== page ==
Dr Jeremy Robson is an Associate Professor in Law at De Montfort University Law School. Jeremy practised at the Bar from 2000- 2010 before entering academia. He was a member of the criminal team at KCH (as it then was) during that time.
In 2022, Jeremy completed his PhD ‘The Judge as Bricoleur: Bricolage in decision-making in the Criminal Justice System.’
Jeremy’s research examines the barriers to justice which traditional rules of evidence create. He specialises in interdisciplinary research working with psychologists, linguists, phoneticians and criminologists. In 2019, Jeremy was part of a multidisciplinary team who received funding from the ESRC to develop a new procedure for police voice identification parades. His work on voice identification evidence has been widely cited nationally and internationally. He is currently working on a project to examine accent discrimination as an obstacle to social mobility in the legal profession.
Jeremy is also experienced in postgraduate legal education and advocacy training. Whilst at Nottingham Trent University, he developed Europe’s first LLM in Advocacy Skills, a bespoke programme commissioned by the Attorney General of Malaysia. He also established and was director of the Centre for Advocacy as well as launching the International Advocacy Teaching Conference.
Jeremy works with KCH Garden Square on the Bar Futures programme, a scheme to help students from under represented backgrounds succeed at the Bar.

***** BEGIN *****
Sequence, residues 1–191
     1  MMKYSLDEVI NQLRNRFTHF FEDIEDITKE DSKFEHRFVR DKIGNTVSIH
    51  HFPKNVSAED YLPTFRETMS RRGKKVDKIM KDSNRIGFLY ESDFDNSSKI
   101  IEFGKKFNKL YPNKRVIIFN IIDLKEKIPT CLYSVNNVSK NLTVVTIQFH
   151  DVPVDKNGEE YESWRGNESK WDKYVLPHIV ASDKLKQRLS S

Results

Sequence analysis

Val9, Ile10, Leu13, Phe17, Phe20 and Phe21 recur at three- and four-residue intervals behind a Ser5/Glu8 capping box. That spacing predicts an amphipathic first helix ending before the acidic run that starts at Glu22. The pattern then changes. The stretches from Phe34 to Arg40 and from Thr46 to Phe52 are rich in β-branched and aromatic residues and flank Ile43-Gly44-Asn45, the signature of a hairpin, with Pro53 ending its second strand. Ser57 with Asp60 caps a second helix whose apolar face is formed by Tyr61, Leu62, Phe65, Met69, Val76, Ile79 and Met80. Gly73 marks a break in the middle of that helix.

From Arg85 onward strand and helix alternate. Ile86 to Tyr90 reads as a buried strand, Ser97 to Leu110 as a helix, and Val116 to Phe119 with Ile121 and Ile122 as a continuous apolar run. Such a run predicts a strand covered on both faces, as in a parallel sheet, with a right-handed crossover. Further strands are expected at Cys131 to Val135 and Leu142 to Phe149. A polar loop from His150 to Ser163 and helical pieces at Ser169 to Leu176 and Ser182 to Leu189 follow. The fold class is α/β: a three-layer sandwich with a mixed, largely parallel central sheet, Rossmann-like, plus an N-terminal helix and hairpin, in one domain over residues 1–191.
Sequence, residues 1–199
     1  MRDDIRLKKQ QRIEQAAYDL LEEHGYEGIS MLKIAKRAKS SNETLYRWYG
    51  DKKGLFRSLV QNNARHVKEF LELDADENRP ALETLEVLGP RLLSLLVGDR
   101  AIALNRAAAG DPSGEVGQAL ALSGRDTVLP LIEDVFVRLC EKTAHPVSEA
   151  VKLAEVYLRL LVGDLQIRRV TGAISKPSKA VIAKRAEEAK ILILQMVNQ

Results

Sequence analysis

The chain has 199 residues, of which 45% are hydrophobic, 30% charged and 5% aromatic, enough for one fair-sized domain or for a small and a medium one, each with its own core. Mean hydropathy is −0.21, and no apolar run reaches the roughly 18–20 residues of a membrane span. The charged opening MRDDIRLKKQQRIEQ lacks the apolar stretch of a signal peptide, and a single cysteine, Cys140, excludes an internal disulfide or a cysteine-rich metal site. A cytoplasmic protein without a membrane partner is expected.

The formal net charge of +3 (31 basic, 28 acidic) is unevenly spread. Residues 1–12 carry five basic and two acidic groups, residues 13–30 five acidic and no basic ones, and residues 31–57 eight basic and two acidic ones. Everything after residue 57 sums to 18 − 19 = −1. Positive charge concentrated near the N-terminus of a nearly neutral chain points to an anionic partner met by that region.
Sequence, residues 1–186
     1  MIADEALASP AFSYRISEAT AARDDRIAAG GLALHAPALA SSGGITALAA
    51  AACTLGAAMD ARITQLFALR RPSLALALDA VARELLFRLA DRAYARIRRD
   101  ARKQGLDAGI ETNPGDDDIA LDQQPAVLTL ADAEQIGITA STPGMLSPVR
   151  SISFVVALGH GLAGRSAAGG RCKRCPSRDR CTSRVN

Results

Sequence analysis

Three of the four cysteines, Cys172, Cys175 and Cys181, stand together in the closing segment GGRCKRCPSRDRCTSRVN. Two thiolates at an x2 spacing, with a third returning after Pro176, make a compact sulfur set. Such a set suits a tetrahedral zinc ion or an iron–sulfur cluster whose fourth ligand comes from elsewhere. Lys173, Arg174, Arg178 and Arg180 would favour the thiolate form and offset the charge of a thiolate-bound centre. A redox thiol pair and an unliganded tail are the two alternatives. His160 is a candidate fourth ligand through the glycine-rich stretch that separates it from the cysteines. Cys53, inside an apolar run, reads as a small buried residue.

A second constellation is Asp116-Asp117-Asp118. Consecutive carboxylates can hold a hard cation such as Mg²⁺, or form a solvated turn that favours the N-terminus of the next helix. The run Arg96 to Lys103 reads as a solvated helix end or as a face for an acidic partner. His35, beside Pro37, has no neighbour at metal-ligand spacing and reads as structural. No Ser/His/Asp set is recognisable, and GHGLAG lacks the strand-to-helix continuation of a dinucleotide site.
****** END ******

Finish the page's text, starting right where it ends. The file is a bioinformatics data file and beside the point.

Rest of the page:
Jeremy sits as a fee paid judge in the First Tier Tribunal (Social Entitlement Chamber).
Jeremy produces a summary of recent evidence cases, every few months.
The pragmatic functions of ‘respect’ in lawyers’ courtroom discourse: A case study of Brexit hearings. Journal of Pragmatics
Wright, D., Robson,J., Murray-Edwards H., and Braber, N., (2021)
Redrawing the boundaries: The adequacy of the Sexual Offences Act in addressing female sexual offending. Journal of Criminal Law.
Robson, J., Newman, L., and O’Hagan, A. (2021)
Prosecuting Coercive Control: Reforming Storytelling in the Courtroom. Criminal Law Review, 12, pp. 1107-1126
Robson, J. and Bettinson, V. (2020)
Voice parade procedures: optimising witness performance
Smith, H.M.J., Bird, K., Roeser, J., Robson, J., Braber, N., Wright, D. and Stacey, P.C. (2020)
Can we have faith jurors listen without prejudice? Likely sources of inaccuracy in voice comparison exercises. Criminal Law Review, , 2, pp.115-130
Robson, J. and Smith, H. (2019)